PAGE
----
Revlimid Fails to Improve Overall Survival of Diffuse Large B-Cell Lymphoma For Certain Patients

Revlimid Fails to Improve Overall Survival of Diffuse Large B-Cell Lymphoma For Certain Patients

Patients with diffuse large B-cell lymphoma (DLBCL) who respond to first line Rituxan/Mabthera (rituximab) plus CHOP chemotherapy (R-CHOP) induction therapy may have increased progression-free survival when treated with Revlimid (lenalidomide) as maintenance therapy. But, based on Revlimid’s failure to increase overall survival in those patients, Celgene will not seek approval for the indication.

The interim data from the Phase 3 trial was reported by the Lymphoma Academic Research Organization (LYSARC).

The REMARC Phase 3 trial is a randomized, double-blind, placebo-controlled, multicentre, international study that was sponsored by LYSARC under a Clinical Trial Agreement with Celgene. It was designed to assess the effects of maintenance therapy (given after a patient reaches remission with induction therapies) with Revlimid versus placebo.

The study enrolled 650 patients who received 6 to 8 cycles of R-CHOP therapy plus 2 cycles of Rituxan and responded to therapy as assessed through the Revised Response Criteria for malignant lymphoma. REMARC’s primary endpoint was progression-free survival (PFS); and secondary endpoints included overall survival, response at the end of maintenance, event-free survival, and improvement in response and safety.

Initial data from the study revealed it achieved its primary endpoint with Revlimid inducing a statistically significant improvement in PFS compared to placebo — but did not show any benefits in overall survival.

“We thank the patients and their families for participating in the REMARC trial and look forward to presenting these important data at a future hematology conference,” Bertrand Coiffier, professor of hematology, Hospices de Lyon and University Claude Bernard Lyon and principal investigator, REMARC, said in a press release.

Revlimid is currently approved in combination with dexamethasone for patients with multiple myeloma or as monotherapy for patients with transfusion-dependent anemia due to myelodysplastic syndromes. It is also approved in the U.S. for patients with mantle cell lymphoma who progressed or relapsed after two prior therapies.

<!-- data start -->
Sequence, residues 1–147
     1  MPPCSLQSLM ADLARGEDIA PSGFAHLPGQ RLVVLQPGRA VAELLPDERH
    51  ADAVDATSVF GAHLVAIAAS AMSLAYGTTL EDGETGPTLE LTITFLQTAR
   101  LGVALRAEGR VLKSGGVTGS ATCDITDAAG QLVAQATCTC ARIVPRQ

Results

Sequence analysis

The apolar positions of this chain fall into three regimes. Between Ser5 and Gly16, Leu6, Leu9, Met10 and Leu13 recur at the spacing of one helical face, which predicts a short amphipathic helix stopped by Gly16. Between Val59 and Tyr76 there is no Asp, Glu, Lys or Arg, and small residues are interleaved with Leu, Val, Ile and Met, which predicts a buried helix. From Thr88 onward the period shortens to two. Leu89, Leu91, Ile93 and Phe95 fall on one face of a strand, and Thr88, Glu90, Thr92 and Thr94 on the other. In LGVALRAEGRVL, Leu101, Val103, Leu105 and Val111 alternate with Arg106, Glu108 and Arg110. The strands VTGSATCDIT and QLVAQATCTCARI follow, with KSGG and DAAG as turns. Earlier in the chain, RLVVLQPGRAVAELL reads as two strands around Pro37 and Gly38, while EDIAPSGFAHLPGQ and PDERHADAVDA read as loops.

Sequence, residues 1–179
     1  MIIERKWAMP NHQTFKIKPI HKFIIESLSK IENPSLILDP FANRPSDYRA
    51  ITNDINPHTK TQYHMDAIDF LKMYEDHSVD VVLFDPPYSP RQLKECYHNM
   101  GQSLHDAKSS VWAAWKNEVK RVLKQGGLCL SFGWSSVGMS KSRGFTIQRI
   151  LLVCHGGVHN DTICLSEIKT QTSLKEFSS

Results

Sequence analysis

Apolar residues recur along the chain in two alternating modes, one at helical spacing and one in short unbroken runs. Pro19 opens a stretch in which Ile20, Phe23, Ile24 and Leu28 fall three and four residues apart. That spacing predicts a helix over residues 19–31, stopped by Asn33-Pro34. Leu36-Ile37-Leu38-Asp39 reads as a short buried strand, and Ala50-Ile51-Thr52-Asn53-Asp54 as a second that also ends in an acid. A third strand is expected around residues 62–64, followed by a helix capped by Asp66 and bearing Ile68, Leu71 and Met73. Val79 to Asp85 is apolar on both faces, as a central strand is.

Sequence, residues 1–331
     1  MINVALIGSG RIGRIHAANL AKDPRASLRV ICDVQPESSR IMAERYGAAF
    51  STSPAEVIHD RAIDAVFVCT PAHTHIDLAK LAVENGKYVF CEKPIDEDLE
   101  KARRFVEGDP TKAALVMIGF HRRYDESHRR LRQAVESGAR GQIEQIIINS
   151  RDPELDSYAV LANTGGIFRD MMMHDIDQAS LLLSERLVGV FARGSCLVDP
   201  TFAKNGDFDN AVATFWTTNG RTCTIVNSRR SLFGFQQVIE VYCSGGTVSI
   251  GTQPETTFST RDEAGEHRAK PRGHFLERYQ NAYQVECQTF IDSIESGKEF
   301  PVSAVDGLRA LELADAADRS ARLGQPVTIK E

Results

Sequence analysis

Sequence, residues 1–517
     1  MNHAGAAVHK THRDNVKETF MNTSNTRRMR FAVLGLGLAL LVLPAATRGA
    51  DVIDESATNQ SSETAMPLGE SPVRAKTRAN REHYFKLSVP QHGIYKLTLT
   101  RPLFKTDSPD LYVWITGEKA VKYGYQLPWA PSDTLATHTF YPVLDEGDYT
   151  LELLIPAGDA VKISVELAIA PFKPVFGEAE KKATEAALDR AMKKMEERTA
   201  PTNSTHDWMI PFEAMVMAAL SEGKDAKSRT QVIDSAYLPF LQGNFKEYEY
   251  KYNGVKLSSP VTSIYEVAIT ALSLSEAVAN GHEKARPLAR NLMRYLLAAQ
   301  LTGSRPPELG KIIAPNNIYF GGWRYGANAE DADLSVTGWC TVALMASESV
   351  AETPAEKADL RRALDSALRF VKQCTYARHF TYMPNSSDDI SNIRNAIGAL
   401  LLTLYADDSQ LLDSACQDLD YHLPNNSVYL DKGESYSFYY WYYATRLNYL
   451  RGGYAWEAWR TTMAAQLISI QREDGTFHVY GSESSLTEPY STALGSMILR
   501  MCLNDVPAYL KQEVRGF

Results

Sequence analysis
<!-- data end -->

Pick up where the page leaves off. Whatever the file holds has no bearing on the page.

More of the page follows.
In addition to REMARC, Celgene is also evaluating Revlimid in four other clinical trials in multiple areas of non-Hodgkin lymphoma.

RELEVANCE is assessing Revlimid in combination with Rituxan in previously untreated follicular lymphoma patients; and AUGMENT is evaluating Revlimid plus Rituxan in relapsed/refractory follicular and marginal zone lymphoma. Data from the studies is expected in the first and second half of 2017.

In the other two trials, MAGNIFY will examine Revlimid in combination with Rituxan in relapsed/refractory follicular, marginal zone, and mantle cell lymphoma; and ROBUST will assess the effects of Revlimid plus R-CHOP in untreated ABC-subtype DLBCL patients.

“We are continuing to partner with LYSA to complete the analyses of the REMARC study,” said Michael Pehl, president hematology and oncology of Celgene. “We remain committed to finishing the four ongoing phase III trials evaluating Revlimid and are confident about its potential as a treatment option across different settings in lymphoma.”

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